Rodgers and Hammerstein revue refreshing, solid

HURON The songs of Rodgers and Hammerstein are certainly enchanting: They entice us to sing, snap, tap, dance, hum, whistle along, etc. After we leave the theater, the melodies remain etched in our subconscious.
Aaron Krause
Jul 25, 2010

HURON The songs of Rodgers and Hammerstein are certainly enchanting: They entice us to sing, snap, tap, dance, hum, whistle along, etc.

After we leave the theater, the melodies remain etched in our subconscious.

But, the tunes by this marvelous musical duo also deftly reveal characters' mood, personality and tell a story. All of this becomes obvious during a performance of "Some Enchanted Evening: The Songs of Rodgers and Hammerstein."

Firelands College Theatre in Huron is giving the revue a respectable production at BGSU Firelands, where it plays through Sunday.

A revue is a show featuring songs that have something in common. In this case, Rodgers and Hammerstein wrote the music and lyrics, respectively, for each.

Still, a revue should offer more than a concert. It doesn't necessarily need a plot, but should feature a thread that links the songs thematically and a framing device. The latter essentially explains why the characters are singing the songs.

Production director Jann Graham Glann has chosen a convenient and complex framing device: The actors play themselves and are "rehearsing" for a production of the very musical revue we're witnessing on-stage (follow me?). We, as the audience members, are being allowed to watch the "rehearsal" process unfold.

One of the characters is a harried director, played hilariously by Angela Broz, who flails her arms and speaks in a loud, dramatic voice. Broz's performance suggests the quintessential Type "A" personality: Overworked, exasperated, no nonsense tolerated.

Many of the songs comprising the revue carry a romantic theme, including the title song "Some Enchanted Evening" (sung solo with luster by John Glann, whose rich operatic voice fills the auditorium).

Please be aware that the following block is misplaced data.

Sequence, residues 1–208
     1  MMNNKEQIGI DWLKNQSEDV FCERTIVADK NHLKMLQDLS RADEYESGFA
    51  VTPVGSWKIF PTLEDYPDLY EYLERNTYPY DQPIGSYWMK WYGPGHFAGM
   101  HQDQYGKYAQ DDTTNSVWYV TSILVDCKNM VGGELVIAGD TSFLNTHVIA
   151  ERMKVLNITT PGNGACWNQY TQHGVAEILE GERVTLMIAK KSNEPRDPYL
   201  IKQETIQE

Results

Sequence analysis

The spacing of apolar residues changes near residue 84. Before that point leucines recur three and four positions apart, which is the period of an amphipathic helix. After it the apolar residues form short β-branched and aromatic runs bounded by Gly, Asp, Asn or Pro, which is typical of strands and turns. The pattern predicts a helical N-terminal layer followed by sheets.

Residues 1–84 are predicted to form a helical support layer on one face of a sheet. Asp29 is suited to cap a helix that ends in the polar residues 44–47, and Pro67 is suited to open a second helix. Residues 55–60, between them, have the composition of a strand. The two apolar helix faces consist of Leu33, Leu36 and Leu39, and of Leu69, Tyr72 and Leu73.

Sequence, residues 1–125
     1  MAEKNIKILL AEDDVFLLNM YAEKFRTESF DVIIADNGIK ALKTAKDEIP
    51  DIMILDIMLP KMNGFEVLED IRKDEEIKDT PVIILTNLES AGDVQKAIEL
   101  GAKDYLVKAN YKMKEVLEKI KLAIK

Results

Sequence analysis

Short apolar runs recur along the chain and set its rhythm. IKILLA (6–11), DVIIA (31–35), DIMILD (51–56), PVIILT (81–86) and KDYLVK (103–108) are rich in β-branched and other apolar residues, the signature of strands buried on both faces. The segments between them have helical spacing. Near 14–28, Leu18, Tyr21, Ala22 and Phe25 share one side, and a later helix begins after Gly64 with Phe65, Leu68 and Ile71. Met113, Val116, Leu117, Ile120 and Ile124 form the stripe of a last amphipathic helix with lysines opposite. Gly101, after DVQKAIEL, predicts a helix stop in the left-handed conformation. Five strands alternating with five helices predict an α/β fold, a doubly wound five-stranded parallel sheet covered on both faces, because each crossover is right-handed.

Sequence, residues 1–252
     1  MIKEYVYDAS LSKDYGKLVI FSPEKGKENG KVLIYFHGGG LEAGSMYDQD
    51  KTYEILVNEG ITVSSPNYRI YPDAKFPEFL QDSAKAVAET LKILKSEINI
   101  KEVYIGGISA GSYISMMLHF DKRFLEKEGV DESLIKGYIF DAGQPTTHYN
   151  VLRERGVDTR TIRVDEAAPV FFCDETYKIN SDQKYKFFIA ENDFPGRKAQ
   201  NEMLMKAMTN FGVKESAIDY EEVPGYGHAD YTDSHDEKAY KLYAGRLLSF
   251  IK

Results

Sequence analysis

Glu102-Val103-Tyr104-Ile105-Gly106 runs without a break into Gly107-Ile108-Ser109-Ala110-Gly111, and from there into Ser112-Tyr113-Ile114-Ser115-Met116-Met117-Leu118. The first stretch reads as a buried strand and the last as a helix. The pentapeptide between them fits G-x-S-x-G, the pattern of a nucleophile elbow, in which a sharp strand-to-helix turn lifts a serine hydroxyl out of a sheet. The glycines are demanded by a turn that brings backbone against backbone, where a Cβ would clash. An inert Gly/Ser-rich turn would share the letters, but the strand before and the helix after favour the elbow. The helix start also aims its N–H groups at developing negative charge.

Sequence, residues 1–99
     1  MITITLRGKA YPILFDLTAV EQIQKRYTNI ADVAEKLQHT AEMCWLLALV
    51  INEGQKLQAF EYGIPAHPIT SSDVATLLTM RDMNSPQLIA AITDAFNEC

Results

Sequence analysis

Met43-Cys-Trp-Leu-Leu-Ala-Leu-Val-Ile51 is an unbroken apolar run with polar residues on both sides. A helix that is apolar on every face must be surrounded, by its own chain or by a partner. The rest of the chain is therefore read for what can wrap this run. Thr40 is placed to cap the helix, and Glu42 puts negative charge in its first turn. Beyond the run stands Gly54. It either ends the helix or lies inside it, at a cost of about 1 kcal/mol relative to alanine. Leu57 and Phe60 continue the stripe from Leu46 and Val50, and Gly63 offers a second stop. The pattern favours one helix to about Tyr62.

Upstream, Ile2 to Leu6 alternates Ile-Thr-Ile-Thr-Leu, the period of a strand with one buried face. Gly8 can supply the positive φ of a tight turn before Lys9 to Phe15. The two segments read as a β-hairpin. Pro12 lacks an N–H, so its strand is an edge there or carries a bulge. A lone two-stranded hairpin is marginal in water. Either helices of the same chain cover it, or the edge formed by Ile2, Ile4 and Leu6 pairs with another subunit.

The title song is from the musical duo's 1949 collaboration "South Pacific," set in an island during World War II. The musical is one of 11 Rodgers and Hammerstein stage and/or screen shows in which the pair collaborated. The others are: "Oklahoma" (1943), "Carousel" (1945), "State Fair (1945), "Allegro" (1947), "The King and I" (1951), "Me and Juliet" (1953), "Pipe Dream" (1955), "Cinderella" (1957), "Flower Drum Song" (1958) and "The Sound of Music" (1959).

Some of the duo's more famous songs are featured in the Firelands College Production. But, while the songs originated from these shows, the actors don't necessarily sing them in the context of those musicals.

The fact that these songs can be sung in many different scenarios just confirms the universality of Rodgers and Hammerstein's work.

In "How Do You Solve a Problem Like Maria?" from "The Sound of Music," a group of nuns lament the antics of their non-conformist, fellow sister.

An ensemble of men sing the song in this version, which takes on a different meaning. They might be singing, for instance, to express their disappointment at a girl who has "dissed" each of them at different times. The performers sing the song loudly and clearly, but their voices fail to register the necessary discontent.

"Getting to Know You" from "The King and I" is sung by Anna, who travels with her son to Siame to teach the king's children. She expresses her eagerness to become acquainted with the students.

In the revue, the actors express their desire to get to know each other throughout the "rehearsal."

For the most part, director Glann has mostly coaxed spirited renditions out of this group; they gesture appropriately and their facial expressions are animated, as are their voices.

In any show, it is important for actors not to stand or sit in the same place. Glann makes sure they don't by incorporating variety into the blocking.

Glann generally makes sure audience members can see each member of this large cast; a nice feat when you are working with a small stage.

If you're new to Rodgers and Hammerstein, think of "Some Enchanted Evening" as a quick refresher course and refreshing overall.

Aaron Krause is a Reflector staff writer. Reach him via email at akrause@norwalkreflector.com IF YOU GO

WHAT: "Some Enchanted Evening: The Songs of Rodgers and Hammerstein."

WHEN: 8 p.m. today and Saturday and 2:30 p.m. Sunday

WHERE: BGSU Firelands' McBride Auditorium in Huron

HOW MUCH: Tickets are $8 for adults, $6 for seniors and faculty, $5 for high school students and children, $4 for BGSU Firelands students and $6 for adult groups of 15 or more.